An ultra-compact yet powerful tactile throne kicker for everyday use in clubs, on tour, or in the studio.
Porter & Davies is a U.K.-based company that manufactures a range of high-quality tactile monitoring systems, including the flagship BC2, the rack-mountable BC2rm, and the portable BC Gigster. The company recently released its most affordable model yet, the BC-X, which touts 75–85 percent of the power of the larger systems but has a smaller (8×7.5×4) and lighter (6.61 lb.) engine and a 6×13 round throne top that has the transducer fully contained within the seat.
Plug and Go
The BC-X is super easy to set up. Simply plug in the engine, connect the included Speakon NL4 cable from the engine to the seat, and connect a drum mic or trigger module output to the input on the BC-X engine via an XLR or instrumental cable. After powering on the engine, turn up the input knob while playing the drum until the yellow LED indicator illuminates during your hardest notes. Then increase the master volume until you feel the desired amount of thump in the seat. If you’re using the BC-X for personal monitoring only, you’re all set. If you need to route the audio from the bass drum microphone or trigger module to a PA system, you can do so by connecting an XLR cable to the output jack on the engine.
How It Performed
The engine on all Porter & Davies systems are designed to replicate the attack, sustain, dynamics, and decay of the bass drum (or sample) being used as accurately as possible. So if you play with a wide-open bass drum sound, the seat will rumble for the entire length of the note the drum produces. If you bury the beater, or use a deader drum, the seat hits with a quicker, tighter punch.
Mic placement will also affect how the engine responds, in terms of overall level, attack, and decay. Even when the mic was placed all the way inside my kick drum, I had to crank the input of my Shure Beta 52A to the maximum in order to get a hot enough signal into the engine. I also ran into a level issue when running a Roland TM-2 trigger module directly to the BC-X, via an unbalanced instrument cable. In order to get enough juice into the engine, I had to run the TM-2 into a DI box first, so the signal could be converted into a balanced XLR output. Once I did that, there was plenty of power available to dial in a comfortable amount of thump.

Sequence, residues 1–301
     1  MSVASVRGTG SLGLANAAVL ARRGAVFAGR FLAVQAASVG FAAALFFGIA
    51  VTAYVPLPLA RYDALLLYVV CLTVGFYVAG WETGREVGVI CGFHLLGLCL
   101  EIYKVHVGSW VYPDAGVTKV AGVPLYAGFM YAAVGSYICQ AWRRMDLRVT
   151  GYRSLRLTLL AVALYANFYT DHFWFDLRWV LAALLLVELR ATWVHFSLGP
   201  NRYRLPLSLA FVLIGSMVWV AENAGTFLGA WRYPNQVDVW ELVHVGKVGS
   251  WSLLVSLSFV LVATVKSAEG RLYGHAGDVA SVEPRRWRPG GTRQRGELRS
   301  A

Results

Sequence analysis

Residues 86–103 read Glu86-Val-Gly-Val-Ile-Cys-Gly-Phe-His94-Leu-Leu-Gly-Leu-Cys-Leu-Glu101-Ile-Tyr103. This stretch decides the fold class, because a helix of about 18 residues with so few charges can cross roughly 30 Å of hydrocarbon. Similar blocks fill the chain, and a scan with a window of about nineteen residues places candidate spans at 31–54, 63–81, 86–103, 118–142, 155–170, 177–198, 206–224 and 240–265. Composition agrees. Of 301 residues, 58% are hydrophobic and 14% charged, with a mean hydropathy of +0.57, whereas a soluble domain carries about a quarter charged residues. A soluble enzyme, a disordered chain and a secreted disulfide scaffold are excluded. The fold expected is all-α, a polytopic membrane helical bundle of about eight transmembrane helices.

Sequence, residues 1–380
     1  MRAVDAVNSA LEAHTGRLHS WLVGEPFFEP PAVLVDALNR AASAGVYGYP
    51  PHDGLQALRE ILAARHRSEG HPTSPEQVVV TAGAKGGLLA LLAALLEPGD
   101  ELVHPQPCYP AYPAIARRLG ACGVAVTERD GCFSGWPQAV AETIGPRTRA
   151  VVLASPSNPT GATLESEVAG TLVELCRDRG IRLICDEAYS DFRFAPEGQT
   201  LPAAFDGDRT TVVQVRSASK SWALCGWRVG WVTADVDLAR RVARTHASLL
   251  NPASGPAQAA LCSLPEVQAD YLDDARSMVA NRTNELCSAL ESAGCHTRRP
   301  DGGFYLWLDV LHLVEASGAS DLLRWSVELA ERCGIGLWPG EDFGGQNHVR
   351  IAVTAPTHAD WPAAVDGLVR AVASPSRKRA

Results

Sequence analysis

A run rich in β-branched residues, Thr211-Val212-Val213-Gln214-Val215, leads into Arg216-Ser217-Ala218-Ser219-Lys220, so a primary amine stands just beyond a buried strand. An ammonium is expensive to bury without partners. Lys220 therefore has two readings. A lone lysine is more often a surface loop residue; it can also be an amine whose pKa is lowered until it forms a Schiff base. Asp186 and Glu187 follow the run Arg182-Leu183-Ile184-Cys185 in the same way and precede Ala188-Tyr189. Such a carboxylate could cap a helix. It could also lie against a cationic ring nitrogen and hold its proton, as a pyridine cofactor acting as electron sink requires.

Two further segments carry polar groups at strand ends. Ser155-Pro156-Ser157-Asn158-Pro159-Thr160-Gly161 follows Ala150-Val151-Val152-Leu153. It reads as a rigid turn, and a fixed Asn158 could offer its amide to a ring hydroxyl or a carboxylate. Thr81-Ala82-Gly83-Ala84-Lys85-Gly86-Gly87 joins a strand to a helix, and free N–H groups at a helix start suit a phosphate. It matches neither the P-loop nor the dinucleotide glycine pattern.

I use a BC Gigster in my studio, and have found it to be an indispensable tool for adding some big low-end power to my in-ear and headphone mixes without actually producing any perceivable sound. Although smaller and slightly less powerful, the BC-X performed just as impressively as the Gigster. It was sensitive to changes in dynamics, touch, and tuning, and the seat top was firm but comfortable. The BC-X doesn’t include the Low Contour knob, which is found on the higher-grade models and allows you to manipulate the length of sustain of the signal transmitted to the throne. Frankly, I didn’t miss it. If your drum is tuned well, or the triggered sample you’re using is appropriately matched to what and how you’re playing, then the BC-X will give back exactly what you put into it. The BC-X engine, seat, and link cable sell for around $642. Bundles that include a throne base and/or hard case are also available as well. Check out porteranddavies.co.uk for more information.